Flexible Working: Principles for Employers

Make Clear Agreements.

Flexible working demands clear agreements. Only if the general conditions are transparent and the main expectations clearly formulated, can a new work culture of trust emerge.

Measure Employee Performance.

Employee performance must be objectively defined and measured. The criteria must be defined in advance and preferably recorded in writing.

Don’t Neglect Leadership.

Even employees without a permanent presence need leadership. This means that regular criticism but also recognition and appreciation must be expressed. Under no circumstances, it should be done exclusively by email, but also in personal conversations and via phone calls.

Ensure Proper Working Conditions.

Employers have a duty to look after their employees. This also applies to conditions made available at flexible workplaces. This includes proper home office equipment as well as clear adherence to certain quiet times during which no phone calls or emails should be made.

Strengthen the Sense of Community.

Promoting direct exchange, valuing oneself and thus strengthening cooperation and a sense of community are also important duties of the employer, which must not be neglected. Joint team events are therefore essential.

Always Update Corporate Culture.

New work structures can only be successful if they are compatible with the corporate culture, philosophy and objectives, thus it is important to update and transmit the company’s culture to employees to allow the work to occur within a set of values, missions and goals by reach.

Flexible Working: Principles for Employees

Check Suitability.

If you want to practice flexible working, you must first critically review your own suitability for flexible working models. Many people feel insecure without a certain structure.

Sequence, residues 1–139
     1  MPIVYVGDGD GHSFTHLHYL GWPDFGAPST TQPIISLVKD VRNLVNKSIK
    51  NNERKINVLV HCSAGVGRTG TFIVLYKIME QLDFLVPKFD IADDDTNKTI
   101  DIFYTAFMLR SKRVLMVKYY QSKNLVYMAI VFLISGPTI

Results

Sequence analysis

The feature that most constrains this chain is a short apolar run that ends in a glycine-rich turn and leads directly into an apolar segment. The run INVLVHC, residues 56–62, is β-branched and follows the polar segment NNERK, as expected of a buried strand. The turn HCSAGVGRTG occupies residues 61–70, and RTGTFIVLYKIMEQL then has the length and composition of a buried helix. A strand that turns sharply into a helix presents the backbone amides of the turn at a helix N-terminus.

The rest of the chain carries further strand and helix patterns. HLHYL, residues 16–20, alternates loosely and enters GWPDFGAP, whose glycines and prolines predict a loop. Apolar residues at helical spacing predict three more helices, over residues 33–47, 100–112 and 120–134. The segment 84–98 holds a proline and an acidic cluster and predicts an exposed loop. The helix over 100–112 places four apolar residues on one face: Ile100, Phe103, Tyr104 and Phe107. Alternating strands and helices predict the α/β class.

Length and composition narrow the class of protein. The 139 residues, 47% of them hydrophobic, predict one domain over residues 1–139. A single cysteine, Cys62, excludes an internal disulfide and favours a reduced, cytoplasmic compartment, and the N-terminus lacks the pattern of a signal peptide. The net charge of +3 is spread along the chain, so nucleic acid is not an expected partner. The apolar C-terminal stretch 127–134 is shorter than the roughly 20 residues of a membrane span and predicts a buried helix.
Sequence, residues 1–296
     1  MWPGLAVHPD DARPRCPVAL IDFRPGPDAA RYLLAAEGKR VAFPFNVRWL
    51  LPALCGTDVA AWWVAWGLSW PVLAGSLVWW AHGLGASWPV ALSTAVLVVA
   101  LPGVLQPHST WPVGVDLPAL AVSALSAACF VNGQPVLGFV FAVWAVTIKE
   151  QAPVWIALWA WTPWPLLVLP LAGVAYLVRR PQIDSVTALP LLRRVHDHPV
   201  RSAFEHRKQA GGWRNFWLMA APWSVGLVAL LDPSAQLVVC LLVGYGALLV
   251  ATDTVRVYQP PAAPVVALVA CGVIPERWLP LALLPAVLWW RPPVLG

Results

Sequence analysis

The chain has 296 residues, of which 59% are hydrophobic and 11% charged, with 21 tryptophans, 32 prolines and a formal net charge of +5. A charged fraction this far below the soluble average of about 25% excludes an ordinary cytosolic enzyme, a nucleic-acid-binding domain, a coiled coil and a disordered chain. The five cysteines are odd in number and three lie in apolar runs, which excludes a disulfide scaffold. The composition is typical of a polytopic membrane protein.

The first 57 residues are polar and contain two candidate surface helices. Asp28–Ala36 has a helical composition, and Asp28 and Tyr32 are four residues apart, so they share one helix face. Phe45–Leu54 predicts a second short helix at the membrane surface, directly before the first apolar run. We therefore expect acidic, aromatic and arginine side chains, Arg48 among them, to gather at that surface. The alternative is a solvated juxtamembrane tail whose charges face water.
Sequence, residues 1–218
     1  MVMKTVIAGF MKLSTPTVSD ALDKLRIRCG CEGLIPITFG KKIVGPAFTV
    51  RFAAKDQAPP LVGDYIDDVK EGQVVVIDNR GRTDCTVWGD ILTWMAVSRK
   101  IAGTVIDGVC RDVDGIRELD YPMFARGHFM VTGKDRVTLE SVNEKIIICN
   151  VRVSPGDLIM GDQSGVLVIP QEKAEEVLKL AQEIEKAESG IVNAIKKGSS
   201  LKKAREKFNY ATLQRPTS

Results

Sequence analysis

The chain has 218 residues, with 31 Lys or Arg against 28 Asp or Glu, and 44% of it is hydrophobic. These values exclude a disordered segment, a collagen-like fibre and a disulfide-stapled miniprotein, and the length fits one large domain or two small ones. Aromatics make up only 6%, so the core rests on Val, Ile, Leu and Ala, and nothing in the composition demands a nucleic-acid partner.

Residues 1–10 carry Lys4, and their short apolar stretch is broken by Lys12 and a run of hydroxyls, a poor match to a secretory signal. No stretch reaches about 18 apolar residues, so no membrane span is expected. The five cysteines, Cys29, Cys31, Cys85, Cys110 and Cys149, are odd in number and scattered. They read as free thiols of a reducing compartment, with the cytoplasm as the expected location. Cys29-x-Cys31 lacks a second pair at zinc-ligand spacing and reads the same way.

Take responsibility.

The employee assumes more entrepreneurial thinking and must be aware of his responsibility to the employer.

Set Clear Objectives.

Flexible working models are not a sideline, they require more assertiveness and presence to develop further.

Communicate correctly.

Your own tasks, processes and deadlines must be clearly communicated to the employer.

Set Work Pace.

Finding your pace: The pace of work should be tailored to your productivity and personal needs, without neglecting team processes.

Flexible working hours and workplace models require a high degree of self-organization. Those who work in flexible working models must also create a productive environment in their own home. To successfully practice flexible working, employees need to address their own strengths and weaknesses, offering a competitive advantage to those who are highly structured and disciplined and who as such can perform better in this model. Employees who lack these talents should try to compensate for these weaknesses with complementary strengths.

Strict working time models are becoming less and less attractive to many talented employees. A growing number of job seekers already consider flexible working and working hours an important or even the most important criterion for an employer, and companies that better understand this trend will be able to ensure that they hire the best talent.